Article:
In the dark of night, between Monday, March 17, and Tuesday, March 18, dozens of fully formed baby octopuses burst forth from their outsized eggs.

It seems only natural that these octopuses would begin their life under the cover of darkness. These baby Caribbean dwarf octopuses (Octopus mercatoris) come from an elusive family of octopods that are difficult to track down—even in captivity. Aside from their petite stature, they are also nocturnal and expert hiders, which keeps them safe from predators but often out of our sight as well.

Given this cryptic behavior, the Mote Marine Laboratory's aquarium in Sarasota, Fla., where the octopuses hatched, has decided not to try to display them to the public yet. But their cephalopod specialist Brian Siegel is currently looking into the best way to show off these and other nocturnal (or otherwise shy) ceph species.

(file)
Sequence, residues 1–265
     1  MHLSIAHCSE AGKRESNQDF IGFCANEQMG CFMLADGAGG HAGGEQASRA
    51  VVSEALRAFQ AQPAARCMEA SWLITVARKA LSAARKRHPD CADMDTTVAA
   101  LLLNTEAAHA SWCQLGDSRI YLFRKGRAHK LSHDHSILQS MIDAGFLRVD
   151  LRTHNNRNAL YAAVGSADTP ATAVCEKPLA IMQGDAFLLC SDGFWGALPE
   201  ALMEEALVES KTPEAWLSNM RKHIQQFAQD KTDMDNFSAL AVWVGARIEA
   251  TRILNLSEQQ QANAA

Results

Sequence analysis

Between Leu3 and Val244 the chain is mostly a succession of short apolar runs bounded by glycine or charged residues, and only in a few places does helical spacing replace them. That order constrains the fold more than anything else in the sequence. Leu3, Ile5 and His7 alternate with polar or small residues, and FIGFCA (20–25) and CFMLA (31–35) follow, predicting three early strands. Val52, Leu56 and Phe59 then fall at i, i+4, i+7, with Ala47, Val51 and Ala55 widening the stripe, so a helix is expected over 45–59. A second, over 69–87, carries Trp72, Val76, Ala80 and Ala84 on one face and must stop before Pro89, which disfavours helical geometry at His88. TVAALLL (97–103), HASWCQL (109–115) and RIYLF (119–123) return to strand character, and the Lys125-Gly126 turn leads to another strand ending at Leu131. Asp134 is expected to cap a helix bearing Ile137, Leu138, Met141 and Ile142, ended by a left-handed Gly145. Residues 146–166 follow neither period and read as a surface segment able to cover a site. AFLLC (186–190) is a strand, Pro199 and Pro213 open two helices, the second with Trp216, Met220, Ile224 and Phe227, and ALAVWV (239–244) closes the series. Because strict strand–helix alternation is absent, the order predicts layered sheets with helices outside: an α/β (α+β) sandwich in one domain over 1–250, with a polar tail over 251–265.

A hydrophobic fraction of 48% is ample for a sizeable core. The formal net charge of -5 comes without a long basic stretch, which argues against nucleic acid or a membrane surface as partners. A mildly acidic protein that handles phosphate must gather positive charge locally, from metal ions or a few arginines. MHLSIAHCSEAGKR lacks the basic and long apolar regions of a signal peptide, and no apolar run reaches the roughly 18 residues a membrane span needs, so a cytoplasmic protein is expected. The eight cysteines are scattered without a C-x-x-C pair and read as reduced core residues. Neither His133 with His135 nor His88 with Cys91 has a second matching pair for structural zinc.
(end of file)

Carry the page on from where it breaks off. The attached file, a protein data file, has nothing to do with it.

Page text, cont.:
The babies came from a female that had been captured off the coast of Florida near the lab. The female had apparently already mated before she arrived at the aquarium, because the eggs she laid proved to be viable.

These young dwarf octopuses might seem small—and, compared to objects on our human scale, they are. But they are also a rarity among octopuses. Most octopus species lay thousands upon thousands of tiny eggs. But this octopus laid just 50 or so in her brood. And each egg measured in at roughly a quarter inch long—relatively large for an octopus that, itself, reaches a length of just an inch and a half or so.

As with other octopuses that come from small broods of big eggs, these babies took a long time to develop—some two months. But when they hatched, unlike most octopus species that start life as larvae, these octopuses already looked like mini adults.

Siegel is also hoping to establish a program to rear these dwarf octopuses to supply other research institutions and aquariums.

To read more about the awesome octopus, check out Octopus! The Most Mysterious Creature In the Sea.

Illustration courtesy of Ivan Phillipsen